UN Population Division, Department of Economic and Social Affairs,
with support from the UN Population Fund (UNFPA)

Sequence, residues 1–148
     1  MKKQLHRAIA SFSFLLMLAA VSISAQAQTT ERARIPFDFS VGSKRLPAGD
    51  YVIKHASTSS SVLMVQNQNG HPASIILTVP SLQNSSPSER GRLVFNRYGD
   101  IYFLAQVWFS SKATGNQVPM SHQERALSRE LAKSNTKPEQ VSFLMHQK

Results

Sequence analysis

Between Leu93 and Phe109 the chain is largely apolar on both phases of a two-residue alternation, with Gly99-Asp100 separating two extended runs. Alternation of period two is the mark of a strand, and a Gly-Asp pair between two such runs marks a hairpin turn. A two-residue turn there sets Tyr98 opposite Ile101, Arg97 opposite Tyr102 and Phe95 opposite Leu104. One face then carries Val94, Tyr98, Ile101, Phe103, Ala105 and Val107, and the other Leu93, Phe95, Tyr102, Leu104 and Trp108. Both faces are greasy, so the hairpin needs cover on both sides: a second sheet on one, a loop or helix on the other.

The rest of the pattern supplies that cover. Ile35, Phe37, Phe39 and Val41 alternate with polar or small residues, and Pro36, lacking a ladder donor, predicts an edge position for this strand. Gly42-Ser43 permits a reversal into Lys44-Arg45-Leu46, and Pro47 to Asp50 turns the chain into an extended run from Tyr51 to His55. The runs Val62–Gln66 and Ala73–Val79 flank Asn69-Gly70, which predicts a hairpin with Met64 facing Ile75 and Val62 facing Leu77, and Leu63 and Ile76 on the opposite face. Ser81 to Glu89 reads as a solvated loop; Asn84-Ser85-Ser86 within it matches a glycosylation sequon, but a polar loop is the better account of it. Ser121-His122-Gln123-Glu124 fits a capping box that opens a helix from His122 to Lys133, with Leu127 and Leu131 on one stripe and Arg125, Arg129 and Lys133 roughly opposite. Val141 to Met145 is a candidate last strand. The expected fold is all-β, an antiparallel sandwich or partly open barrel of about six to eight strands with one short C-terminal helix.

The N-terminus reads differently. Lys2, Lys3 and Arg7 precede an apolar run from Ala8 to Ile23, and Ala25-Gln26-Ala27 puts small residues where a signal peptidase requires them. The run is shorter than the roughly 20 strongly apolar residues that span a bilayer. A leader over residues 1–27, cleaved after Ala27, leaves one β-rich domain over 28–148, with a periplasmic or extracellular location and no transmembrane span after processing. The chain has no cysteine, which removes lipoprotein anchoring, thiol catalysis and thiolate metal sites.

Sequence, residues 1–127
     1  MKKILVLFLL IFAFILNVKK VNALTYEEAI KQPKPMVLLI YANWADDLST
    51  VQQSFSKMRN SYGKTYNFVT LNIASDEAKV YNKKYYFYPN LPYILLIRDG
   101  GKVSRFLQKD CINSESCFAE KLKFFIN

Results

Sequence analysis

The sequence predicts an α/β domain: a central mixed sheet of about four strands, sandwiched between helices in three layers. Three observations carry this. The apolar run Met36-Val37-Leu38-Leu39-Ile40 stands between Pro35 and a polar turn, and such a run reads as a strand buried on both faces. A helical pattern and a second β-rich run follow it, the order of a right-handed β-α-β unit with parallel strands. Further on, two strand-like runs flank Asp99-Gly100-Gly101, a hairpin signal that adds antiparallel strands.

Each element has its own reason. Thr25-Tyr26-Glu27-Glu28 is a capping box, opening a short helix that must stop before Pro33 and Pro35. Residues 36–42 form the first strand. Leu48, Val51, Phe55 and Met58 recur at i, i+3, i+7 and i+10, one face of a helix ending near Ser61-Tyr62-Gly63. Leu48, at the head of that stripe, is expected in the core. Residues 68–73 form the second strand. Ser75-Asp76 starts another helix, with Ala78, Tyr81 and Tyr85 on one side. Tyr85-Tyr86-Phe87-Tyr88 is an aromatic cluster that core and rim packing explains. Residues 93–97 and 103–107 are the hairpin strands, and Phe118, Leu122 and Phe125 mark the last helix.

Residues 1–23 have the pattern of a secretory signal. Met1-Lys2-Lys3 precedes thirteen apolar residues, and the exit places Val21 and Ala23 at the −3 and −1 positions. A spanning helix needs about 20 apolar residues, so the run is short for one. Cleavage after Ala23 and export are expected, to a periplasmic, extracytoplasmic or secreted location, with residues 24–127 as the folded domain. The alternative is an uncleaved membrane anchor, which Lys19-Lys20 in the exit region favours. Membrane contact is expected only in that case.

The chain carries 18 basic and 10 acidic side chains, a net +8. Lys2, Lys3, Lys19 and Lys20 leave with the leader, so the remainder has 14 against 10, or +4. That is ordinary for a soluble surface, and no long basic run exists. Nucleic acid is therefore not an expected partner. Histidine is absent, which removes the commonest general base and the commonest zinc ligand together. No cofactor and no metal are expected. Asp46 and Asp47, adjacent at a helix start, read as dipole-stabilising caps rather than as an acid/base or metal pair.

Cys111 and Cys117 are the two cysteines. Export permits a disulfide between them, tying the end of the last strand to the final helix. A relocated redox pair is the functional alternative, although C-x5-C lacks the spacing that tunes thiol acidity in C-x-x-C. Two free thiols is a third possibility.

************************************************************************ The electronic preparation of this document has been done by the Population Information Network(POPIN) of the United Nations Population Division in collaboration with the United Nations Development Programme ************************************************************************ AS WRITTEN Cairo Conference September 1994 Dr. Nafis Sadik invited me to speak at this forum today and I am honored to be here with you. Many of you in this room are population professionals who were among the first to see that unwanted pregnancies posed risks and problems for women, as well as for countries trying to provide a better life for their people. Without your early efforts and understanding, fewer countries would have articulated population policies, family planning programs would be far less evolved,and many more women would have suffered the consequences of unwanted pregnancies. Others of you here today have longed been involved in women's health and development issues. The fact that you have all joined together here to forge a common agenda, each adding a new perspective, shedding a new light from a different angle on the issues of population and development is what makes this conference so significant and so unique We owe you all a debt of thanks for what you've done to prepare for this conference and especially for your consensus building work; for making your voices heard and then listening to each others voices. With the perhaps inevitable but sad tendency the world has to focus on discord and controversy, not enough has been said about the ground breaking consensus that marks this conference. In addition, I want to thank the Clinton Administration for returning the United States to its historic leadership role on this issue. It is fortunate for all of us that Secretary Tim Wirth has the vision that allows him to see that non-governmental organizations bring all kinds of new energies, skills and knowledge to the table;that without the participation and input of women in the field whose lives are most affected by this issue, international population policies could never have moved beyond a narrow focus on quotas to address human rights, women and child health and appreciate the breadth of cultural differences. This new, inclusive approach to policy-setting is a long time in coming, and I hope it will be a model for future initiatives of all kinds. In the relatively short period of time that I have been trying to understand these issues, I have seen the landscape change dramatically. In fact, it's hard to believe how differently people think about and talk about population today as compared to even two or three years ago. What are some of the things that have been learned: that providing contraception is critical but not sufficient Why? -Because women do not control their sexual or reproductive lives; -Because women with no education, no legal status and no financial independence are in no position to negotiate issues like the planning and spacing of their children, and are often at risk of violence from uncooperative spouses; -Because in many countries where women have no secure social and economic roles apart from motherhood, large families are necessary to uphold their status and provide them with assistance with work as well as old age security; -Because too often there are limited forms of contraception available which may not be medically appropriate or personally acceptable to a particular woman; -Because sometimes a family planning provider's interest in her client does not extend beyond reducing fertility and neglects other aspects of the woman's reproductive health needs as well as the concern she has for her children's health. Under these circumstances, it is unlikely that the woman will develop trust in the provider and become a consistent contraceptive user. Fortunately, today there are ample examples of well run, successful family planning programs that exemplify the principles espoused in the Cairo Plan of action. Many of these programs have certain key features which are achievable by mainstream programs. I think these features have been best and most charmingly described by Dr. Mahmoud Fathalla, director of ob-gyn at Assiut University, Egypt who presented them in February at the Population Council's Symposium on "Family, Gender and Population Policy." He calls them "The Ten Commandments of Reproductive Health Care: A Signpost For All Clinics." "As a woman-friendly service: 1. We uphold the principle that family planning is a dignified and voluntary informed choice. 2. We are open to serve you at times of your convenience, not ours. Our outreach services will knock at your door. We need your business. 3. We excel in counseling. We not only listen to you, we hear you. 4. We offer you a broad choice of the good "oldies" as well as the very newest contraceptive technologies. we seek to meet your needs and preferences. 5. We are not in the business of promoting contraceptive methods for their demographic impact. We do not subscribe to demographic targets or quotas. Your safety and convenience is our primary concern. 6. We only add to our inventory methods that our service can deliver which insure your safety and with full respect for your voluntary choice. 7. We encourage and promote men's participation and responsibility. 8. In the event you are faced with the possibility of or are burdened by an unwanted pregnancy, you will find us sympathetic and caring. 9. We care as much about protecting you from sexually transmitted diseases as we care about protecting you from unwanted pregnancy. We will not miss an opportunity to help you with other reproductive health needs or problems. 10. Our demographic competitors are running out of business. We are in business. We are the future." I would like to point out that programs offering these features often do not cost more than other programs, and because they tend to attract and keep a larger clientele, their fixed costs are spread over larger numbers making them more cost effective than programs which neglect these vital elements. What else have we learned? We've learned that educating girls, economic and legal empowerment of women, things which are important in and of themselves, also have a provable effect on fertility decline. When a woman is educated, when she is able to earn some money outside her home, money over which she has control, when she has access to credit and training, she gains status, wants and needs fewer children, can negotiate family planning with her partner from a position of strength and the children she does have will tend to be healthier and better prepared for the emerging economy. In addition, the improved health, education and earning capacity of women leads to better management of natural resources. About 50% of the world's food is grown by women. It is estimated that two - third's of women in developing countries who work, work in agriculture, mostly unpaid subsistence farming. They hoe, plant, weed, harvest, store, process, cook and take care of livestock, including cattle, sheep and goats. They are the ones who walk miles and spend hours, sometimes days, collecting water, fire wood and fodder. All this has provided women with profound knowledge about crop diversity, soil conditions and water quality. They are the ones who are most impacted by environmental degradation and have the most to gain by protecting the local ecosystems. Sustainable development begins and ends with women. To give this a real voice, I'd like to quote a Hill woman from Nepal. I found this quote in a pamphlet called "Seeds," dealing with forest conservation in Nepal. "By law, we villagers are only allowed to collect what has fallen on the ground in the forest. The trees are used for timber for building for those lucky enough to be sold a permit by the forest officers. Women are left with the leaves, branches and twigs. Once, it too difficult to find wood on the ground, but now there is not even enough leftover to fill one headland, unless you walk for miles and miles, and no fodder unless you cut the branches. Even when I travel a long way into the forest, I still have to cut branches illegally to get a large enough headland to cook for my family. If I'm caught by a forest guard, he takes my cutting tool, or tells me I have to pay a stiff fine, but what can I do? As it is now, I must bring my daughter with me to help collect fuel and fodder, so she often skips school to help me. I would rather that she got a good education so she would have a good chance in life, but I have no choice. There are too many other chores to complete. I now go to the forest everyday that I have no work in the fields or grain to thresh or grind, and one headload (about 35 pounds) lasts only a few days. If fuel gets even more scarce, I will have to take my daughter out of school completely so she can help me with my other tasks." In addition to the fact that women produce the food and fodder for their families, evidence from numerous studies done in developing countries show that when women are able to earn and control their money, they spend it in ways that benefit their families' health and welfare. Men, on the other hand, tend to spend their incomes on entertainment and consumer goods. In addition, women in developing countries deliver basic health care to their families and communities. Given all this, why is it then that women in these countries are discriminated against when it comes to education, inheritance, land ownership, jobs, training and resources; girls receive less health care and food than boys; women do not fully participate in or benefit from development policies? Why is it that too often women are not consulted and listened to when programs are being put in place? Over and over again, experience shows that when women are involved from the outset,programs stand a far better chance of succeeding, the lives and status of women and children are improved. and often this is linked to fertility decline. Too often governments and lending institutions undermine women with poorly defined economic programs on the one hand, while at the same time actively trying to engage them in limiting fertility, thus wiping out with one program what is being attempted with another. There are numerous examples of development approaches in Africa and other parts of the world which give priority to men even when women are the primary producers. For example, when cooperatives are formed, only one member of the family (which will turn out to be the male) isallowed to participate, freezing the women out of new input, training and access to land, making her subsistence work more difficult and increasing her need for more helpinq hands. Another example is the large-scale agricultural intensification projects which put more demand on women's time and energy without compensation, reducing her ability to farm sustainably. Just as natural resources are not infinite, neither is women's energy. Both can only be stretched so far. By increasing women's need for children to help with the work, we also undermine women's desire to reduce child numbers. But in some countries, Zimbabwe for example, there are active efforts to improve women's access to land and credit, modernize their livelihoods, and this is reflected not only in economic returns but in high contraceptive use. Disinvestment in women can be avoided, and our approach to aid and development can be made more coherent, if development plans, social and economic investment policies and national budgetary guidelines are reviewed at a high government level by some coordinating body in light of their fertility as well as their justice implications. Population policy cannot solely be in the purview of Health Ministries. Likewise, the policies of the international lending institutions should not compartmentalize population concerns, separating them from education,from promotion of livelihood, health and so forth. If population is important, this concern should be spread throughout the development portfolio. We mustn't permit our development policies to be driven by politics or special interests or even altruism for that matter. They should be driven by enlightened self-interest. To quote Janice Jiggins in her book changing the Borders, "Protecting and strengthening the capacities of girls and women is the bottom line in the survival of humankind as a species dependent on its environment. It is thus essential for human survival that economic theory, policy and practice in both rich and poor countries begin to measure, value and reward the services provided by women and by the environment." The good news is that there is a slow but steadily growing appreciation that it makes economic, social and demographic sense to invest in women. This new direction is being lead by innovative, smaller institutions such as Women's World Banking, ACCION International, and Grameen Bank in Bangladesh, who have fostered women's economic entrepreneurship and independence. Following their lead, the larger bilateral and multilateral donors are beginning to direct more and more of their funds towards women. Why is this happening? Because the banks always hard to impress ... are impressed. They've seen that women can manage their finances better and that support for women's economic activities is more likely to benefit the community at large and the health and education of the next generation. These lending institutions have begun to recognize that women in developing countries are agents of change. We've begun to learn that, just as we can foster economic growth and fertility decline by investing in women, we can promote a more humane and equitable relationship between men and women which, as a byproduct, encourages voluntary fertility decline. When a father shares the rearing of and support for his children, he may be more prone to share the mother's desire to limit family size. But there are countries which will agree to the Cairo Plan of Action where children still only have effective claims to their father's resources if the father wishes, or where the father's name appears on the birth certificate. There are countries in which the father's name only appears on the birth certificate if the parents are married. Even countries with "good laws" do not implement their ideal of shared parental responsibility. There is much default in enforcing child maintenance policy. We must encourage men to be emotionally and financially responsible for their children. Laws, norms of behavior and media images all have vital roles to play. Let us hope that the young men of today grow up with a sense of responsibility about their sexuality, about their fertility and about parenting. Can we afford to properly expand and improve our family planning programs world-wide? Can we afford to reproduce economic empowerment programs and education for women? You bet! In fact, we can't afford not to. It's a question of priorities and of developing a new understanding of national and global security. If the United States and the former Soviet Union could spend over 10 trillion dollars during the Cold War to prepare for a possible threat, we can surely find enough money and resources to deal with dangers that are actually occurring. Cairo will soon be over. The Plan of Action will have to be put into action. We need to walk our talk," and we particularly need the help of the world's media to do this. It is true that changing our laws and institutions can alter human behavior, but to alter people's consciousness and do it fast, the media will need to play its role. We've all experienced the media's power to change things, whether its through the use of popular soap operas in Mexico, India and the Philippines which have helped make family planning acceptable to a wide audience or in the United States with the acceptance of seat belts, recycling and other life style changes. You don't see movie characters showing their cool by heading straight for the bar and lighting up at the beginning of a scene anymore. Like it or not, television and movies in particular have become powerful sources of education about how to live and behave and raise families for people who have no formal education. In addition, people will need to understand what has been decided here in Cairo, the importance of these problems and the need to be involved in their solutions. All of us In whatever way we can have to help create a critical mass for family planning and reducing consumption so that if a boy or girl is asked, "What will you do to help heal the world?", they would start by saying, "I will live more simply and only have the number of children I feel I can support and care for." We need to communicate to people the value that life is sacred, that children have the right to be wanted and that it's irresponsible to have more children than you can support. But parents here in the developing countries or in the north for that matter cannot do this alone, individually. We must have commitments from our national governments to also invest in women and children and make them the center of our economic planning. In a sense, we're asking ourselves to start doing what comes unnaturally. Throughout human history, we've been exhorted to go forth and multiply. All the western religious doctrines have encouraged this. In part, it's because countries and churches needed bodies to fill the ranks of their armies as they went forth to fight the infidel. But it goes back even farther, hundreds of thousands of years to our ancestors, Homo Erectus, when the human brain evolved to what it is today. At that time, evolutionary advantage went to those who were most adept at seeing and reacting to the most immediate danger and screening out the rest. to those who spread their sperm wide and fast and early. The Homo Erectus, who sat there pondering the implication of slaughtering all the Woolly Mammoths, most likely had his head bit off before he could reproduce. As the biologist E. O. Wilson said, "Prophets never enjoyed a Darwinian edge." Our brains may not have evolved since those days, but reality has changed, and so must our thinking. We are not prisoners of our biology. We must reconceputualize the way we live in light of limited resources and a limited capacity to invest in the next generation. Quality, not quantity, is the path to the future. All of us have important and difficult things to do. Change is always difficult and entails some discomfort and inconvenience. Population numbers is only part of the equation. The other part is what kind of consumers we are in the industrialized world and what kind of consumers we will become in the developing world. We in the highly consuming countries must change our patterns of consumption, invest in the forgiving, energy efficient, low waste producing technologies and share these technologies with the developing countries. We need to learn that enough is enough, that "more" doesn't necessarily translate into"happier." People in the developing countries, with bilateral and multilateral support from aid-giving nations, must change their social investment patterns to support their women and children. This is essentially what the Cairo Plan of Action is all about. It will require a shifting of gears, making some tough adjustments, but if we make them now, they can be humane and good, not especially jarring. If we don't, adjustments will be made for us by nature and they will be brutal and pitiless. If that occurs, we will not be the first species to have weakened and disappeared, nor the first civilization. History is littered with civilizations who fell victim to short-term definitions of self-interests. Let us learn from history.